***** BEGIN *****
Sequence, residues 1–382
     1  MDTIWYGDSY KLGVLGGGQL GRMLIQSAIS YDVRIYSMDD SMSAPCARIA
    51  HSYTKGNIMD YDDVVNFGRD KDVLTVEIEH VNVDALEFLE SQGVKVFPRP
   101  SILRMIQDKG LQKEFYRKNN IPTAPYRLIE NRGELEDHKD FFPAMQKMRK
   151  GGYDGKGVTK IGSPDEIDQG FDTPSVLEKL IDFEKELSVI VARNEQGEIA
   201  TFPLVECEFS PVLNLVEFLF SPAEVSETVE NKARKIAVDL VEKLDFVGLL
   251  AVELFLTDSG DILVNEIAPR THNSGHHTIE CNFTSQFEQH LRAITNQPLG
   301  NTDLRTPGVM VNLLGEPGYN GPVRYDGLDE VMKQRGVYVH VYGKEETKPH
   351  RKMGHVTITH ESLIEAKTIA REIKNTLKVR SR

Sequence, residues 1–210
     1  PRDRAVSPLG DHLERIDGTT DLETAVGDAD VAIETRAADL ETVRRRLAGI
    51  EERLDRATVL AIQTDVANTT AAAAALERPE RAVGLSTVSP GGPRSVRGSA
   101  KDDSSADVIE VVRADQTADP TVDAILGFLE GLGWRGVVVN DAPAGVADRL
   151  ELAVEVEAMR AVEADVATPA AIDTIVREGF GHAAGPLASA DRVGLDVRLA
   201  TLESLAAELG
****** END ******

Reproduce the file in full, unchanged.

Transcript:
Sequence, residues 1–382
     1  MDTIWYGDSY KLGVLGGGQL GRMLIQSAIS YDVRIYSMDD SMSAPCARIA
    51  HSYTKGNIMD YDDVVNFGRD KDVLTVEIEH VNVDALEFLE SQGVKVFPRP
   101  SILRMIQDKG LQKEFYRKNN IPTAPYRLIE NRGELEDHKD FFPAMQKMRK
   151  GGYDGKGVTK IGSPDEIDQG FDTPSVLEKL IDFEKELSVI VARNEQGEIA
   201  TFPLVECEFS PVLNLVEFLF SPAEVSETVE NKARKIAVDL VEKLDFVGLL
   251  AVELFLTDSG DILVNEIAPR THNSGHHTIE CNFTSQFEQH LRAITNQPLG
   301  NTDLRTPGVM VNLLGEPGYN GPVRYDGLDE VMKQRGVYVH VYGKEETKPH
   351  RKMGHVTITH ESLIEAKTIA REIKNTLKVR SR

Sequence, residues 1–210
     1  PRDRAVSPLG DHLERIDGTT DLETAVGDAD VAIETRAADL ETVRRRLAGI
    51  EERLDRATVL AIQTDVANTT AAAAALERPE RAVGLSTVSP GGPRSVRGSA
   101  KDDSSADVIE VVRADQTADP TVDAILGFLE GLGWRGVVVN DAPAGVADRL
   151  ELAVEVEAMR AVEADVATPA AIDTIVREGF GHAAGPLASA DRVGLDVRLA
   201  TLESLAAELG